Friday, July 20, 2007

The Tigers are uniquely good

The Tigers have cooled off their white-hot offensive pace a bit since the All-Star break but they still hold a not-so-slim 40-run lead over the next closest teams (Cleveland and Philadelphia). Barring a disaster, the Tigers should easily lead MLB in runs scored at season’s end. Despite an offensive renaissance last season, the Tigers still only managed to finish 9th in MLB in runs scored. We can all thank Gary Sheffield for that eight-spot jump. Pitching unexpectedly stole the show in ’06.

Despite a slow start in ’07, Tigers pitching has slowly crept into the top-six in the AL in runs allowed (13th in MLB). Based on the way the team has been pitching lately it could easily finish in the top three in the AL and the top ten in MLB. Considering the Tigers have been without Kenny Rogers and Joel Zumaya for the majority of the season; that would be quite a feat. As impressive as Tigers pitching has been in the face of so many injuries this season, it doesn’t come close to last season’s performance. The Tigers led MLB in fewest runs against in 2006. Only two AL teams have led MLB in fewest runs against in the last 17 years (Seattle did it in 2001).

While the Tigers won’t duplicate their feat of leading MLB in runs allowed this season, I started to wonder how often a team has led MLB in runs scored or runs allowed in one season and then led MLB in the other category the next season. Since the AL generally leads MLB in runs scored and the NL generally leads MLB in fewest runs allowed, I guessed that it hadn’t happen much. In fact, it hasn’t happened since the LA Dodgers did it leading MLB in runs scored in 1974 and runs allowed in 1975. The Tigers are in excellent shape to accomplish something that hasn’t been done in 32 years. The Mariners led MLB in runs scored and fewest runs against in 2001 which is a feat of historic proportions. Unfortunately for the good people of the Great Northwest, that resulted in a big fat pile of nothing in the hardware department. Hopefully the Tigers can turn their two-year feat into something bigger.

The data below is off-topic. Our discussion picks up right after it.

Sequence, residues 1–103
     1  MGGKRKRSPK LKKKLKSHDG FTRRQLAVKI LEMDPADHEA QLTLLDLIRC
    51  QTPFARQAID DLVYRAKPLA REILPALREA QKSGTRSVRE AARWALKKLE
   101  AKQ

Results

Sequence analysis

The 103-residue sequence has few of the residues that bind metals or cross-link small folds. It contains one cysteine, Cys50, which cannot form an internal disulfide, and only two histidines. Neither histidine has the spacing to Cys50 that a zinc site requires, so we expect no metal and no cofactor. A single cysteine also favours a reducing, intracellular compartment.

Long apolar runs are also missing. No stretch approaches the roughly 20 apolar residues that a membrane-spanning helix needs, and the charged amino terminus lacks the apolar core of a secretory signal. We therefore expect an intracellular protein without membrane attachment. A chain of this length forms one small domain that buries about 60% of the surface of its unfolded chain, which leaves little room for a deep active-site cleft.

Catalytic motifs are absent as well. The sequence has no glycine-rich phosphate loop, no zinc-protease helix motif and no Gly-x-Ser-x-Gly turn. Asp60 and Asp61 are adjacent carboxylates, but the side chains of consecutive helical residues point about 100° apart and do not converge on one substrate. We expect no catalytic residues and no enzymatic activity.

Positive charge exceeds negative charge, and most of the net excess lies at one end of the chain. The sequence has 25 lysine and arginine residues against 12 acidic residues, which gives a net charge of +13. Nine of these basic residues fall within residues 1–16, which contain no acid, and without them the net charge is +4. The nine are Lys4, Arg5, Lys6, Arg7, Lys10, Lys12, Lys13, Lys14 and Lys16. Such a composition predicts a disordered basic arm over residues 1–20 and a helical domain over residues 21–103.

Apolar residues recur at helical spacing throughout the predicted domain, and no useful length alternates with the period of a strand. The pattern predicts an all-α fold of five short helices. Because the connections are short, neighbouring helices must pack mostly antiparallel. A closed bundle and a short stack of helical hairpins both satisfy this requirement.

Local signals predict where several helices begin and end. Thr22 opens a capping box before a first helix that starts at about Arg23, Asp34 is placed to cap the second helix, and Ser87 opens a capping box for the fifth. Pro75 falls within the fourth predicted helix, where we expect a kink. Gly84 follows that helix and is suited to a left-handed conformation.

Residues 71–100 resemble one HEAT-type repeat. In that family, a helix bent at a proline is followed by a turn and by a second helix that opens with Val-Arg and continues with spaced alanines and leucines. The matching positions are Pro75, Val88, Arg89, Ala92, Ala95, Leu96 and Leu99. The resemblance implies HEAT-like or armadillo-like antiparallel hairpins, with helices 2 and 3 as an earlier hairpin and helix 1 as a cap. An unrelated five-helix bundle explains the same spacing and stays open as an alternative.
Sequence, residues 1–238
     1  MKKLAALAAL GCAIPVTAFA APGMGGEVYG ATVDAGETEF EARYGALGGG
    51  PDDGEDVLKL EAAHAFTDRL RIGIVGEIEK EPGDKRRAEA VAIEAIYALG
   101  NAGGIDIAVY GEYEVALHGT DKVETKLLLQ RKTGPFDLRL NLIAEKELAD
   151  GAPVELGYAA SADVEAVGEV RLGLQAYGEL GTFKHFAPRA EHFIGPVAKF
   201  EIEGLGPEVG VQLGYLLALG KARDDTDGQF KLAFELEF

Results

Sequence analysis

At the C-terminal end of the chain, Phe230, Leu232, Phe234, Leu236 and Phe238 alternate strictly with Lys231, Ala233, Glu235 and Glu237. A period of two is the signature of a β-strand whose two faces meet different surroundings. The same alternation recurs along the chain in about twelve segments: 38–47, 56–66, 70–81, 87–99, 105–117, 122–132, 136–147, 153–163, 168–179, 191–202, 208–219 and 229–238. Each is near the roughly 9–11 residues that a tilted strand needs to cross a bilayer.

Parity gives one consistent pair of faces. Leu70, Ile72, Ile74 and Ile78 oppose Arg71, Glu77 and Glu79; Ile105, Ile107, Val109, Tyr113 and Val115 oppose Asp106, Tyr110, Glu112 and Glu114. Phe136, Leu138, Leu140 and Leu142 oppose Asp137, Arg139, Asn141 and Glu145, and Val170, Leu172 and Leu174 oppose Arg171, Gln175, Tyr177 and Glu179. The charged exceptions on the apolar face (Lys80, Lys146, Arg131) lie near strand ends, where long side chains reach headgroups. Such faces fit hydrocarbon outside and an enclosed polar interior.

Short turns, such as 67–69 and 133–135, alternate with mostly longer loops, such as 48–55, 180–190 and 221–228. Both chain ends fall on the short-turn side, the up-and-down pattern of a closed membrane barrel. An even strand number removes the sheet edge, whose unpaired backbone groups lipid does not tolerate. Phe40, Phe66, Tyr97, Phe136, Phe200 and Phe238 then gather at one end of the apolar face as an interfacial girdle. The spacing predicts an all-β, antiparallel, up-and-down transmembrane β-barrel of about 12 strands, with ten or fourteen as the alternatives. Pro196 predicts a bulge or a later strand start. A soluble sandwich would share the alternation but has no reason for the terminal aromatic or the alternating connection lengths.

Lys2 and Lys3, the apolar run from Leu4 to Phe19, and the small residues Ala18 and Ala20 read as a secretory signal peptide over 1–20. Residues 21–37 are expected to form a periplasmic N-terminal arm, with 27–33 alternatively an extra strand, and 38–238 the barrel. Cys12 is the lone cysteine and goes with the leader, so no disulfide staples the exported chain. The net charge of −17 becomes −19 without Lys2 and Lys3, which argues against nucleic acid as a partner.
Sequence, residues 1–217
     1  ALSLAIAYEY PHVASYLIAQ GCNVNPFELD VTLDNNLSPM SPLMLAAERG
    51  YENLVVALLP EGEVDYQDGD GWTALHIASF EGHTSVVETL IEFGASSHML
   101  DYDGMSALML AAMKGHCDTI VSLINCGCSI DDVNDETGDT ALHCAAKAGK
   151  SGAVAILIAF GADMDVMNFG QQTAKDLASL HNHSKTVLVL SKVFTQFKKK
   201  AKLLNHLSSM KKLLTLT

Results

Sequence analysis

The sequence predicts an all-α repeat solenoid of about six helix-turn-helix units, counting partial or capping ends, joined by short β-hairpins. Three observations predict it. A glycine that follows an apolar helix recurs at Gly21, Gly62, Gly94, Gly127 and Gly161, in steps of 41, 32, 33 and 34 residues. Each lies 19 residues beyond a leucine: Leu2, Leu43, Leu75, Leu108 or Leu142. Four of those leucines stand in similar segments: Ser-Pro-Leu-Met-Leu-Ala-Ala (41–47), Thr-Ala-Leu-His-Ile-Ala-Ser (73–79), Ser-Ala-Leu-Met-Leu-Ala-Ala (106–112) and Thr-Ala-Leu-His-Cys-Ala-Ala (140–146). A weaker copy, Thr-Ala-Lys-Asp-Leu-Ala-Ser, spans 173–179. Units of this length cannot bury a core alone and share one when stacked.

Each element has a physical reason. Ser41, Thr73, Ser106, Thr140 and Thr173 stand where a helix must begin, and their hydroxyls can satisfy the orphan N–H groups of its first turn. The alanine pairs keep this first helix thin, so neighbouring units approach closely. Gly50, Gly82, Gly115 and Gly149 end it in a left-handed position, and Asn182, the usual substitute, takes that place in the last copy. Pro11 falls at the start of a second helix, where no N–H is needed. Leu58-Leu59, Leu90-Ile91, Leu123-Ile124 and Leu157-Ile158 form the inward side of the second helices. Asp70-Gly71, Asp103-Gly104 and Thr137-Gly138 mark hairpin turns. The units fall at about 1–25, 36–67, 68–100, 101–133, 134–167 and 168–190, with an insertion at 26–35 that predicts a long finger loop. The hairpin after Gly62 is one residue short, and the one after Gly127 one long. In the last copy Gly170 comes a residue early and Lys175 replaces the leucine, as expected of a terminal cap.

The Tigers are also trying to accomplish something that nobody would’ve predicted last year. With Boston and New York seemingly leading MLB in runs scored every other year, the Detroit Tigers are not the name that comes to mind when the discussion of leading MLB in runs scored is brought up. Amazingly, if the Tigers can hold on to the MLB lead in runs scored this season, they will have led MLB in runs scored the most times since 1970…and 1980…and 1990. They’ll have even led MLB in runs scored more than any team since 1992. Considering how dreadful the 90’s were to the Tigers—or maybe it’s the other way around—that certainly is unexpected.

This team can accomplish a lot of things that haven’t been accomplished in a long time. This team also has one of the greatest combinations of hitting and pitching that MLB has ever seen. I’m just hoping all of this translates into something more than an historical footnote. Maybe the key is not leading MLB in runs scored and runs allowed in the same season but rather spreading it out over two. Hopefully that’s the key to the Tigers getting back to the World Series and avoiding a fate similar to the ’01 Mariners. Yeah, that’s gotta be it.


Anonymous said...

Interesting fact on runs scored and shocking about the Tigers leading since 1992. It is certainly a team that is particular because they not only generate runs the old fashion way, but they have average hitters like Inge that have above average power. So even when the team is slumping they always have that ability to score runs via the HR which comes in handy with the good pitching.

Also the Dodgers lost the 74 WS to the A's.

Jake said...

My bad. It's fixed now. I only looked at the NL playoffs from '74. My apologies to the A's.


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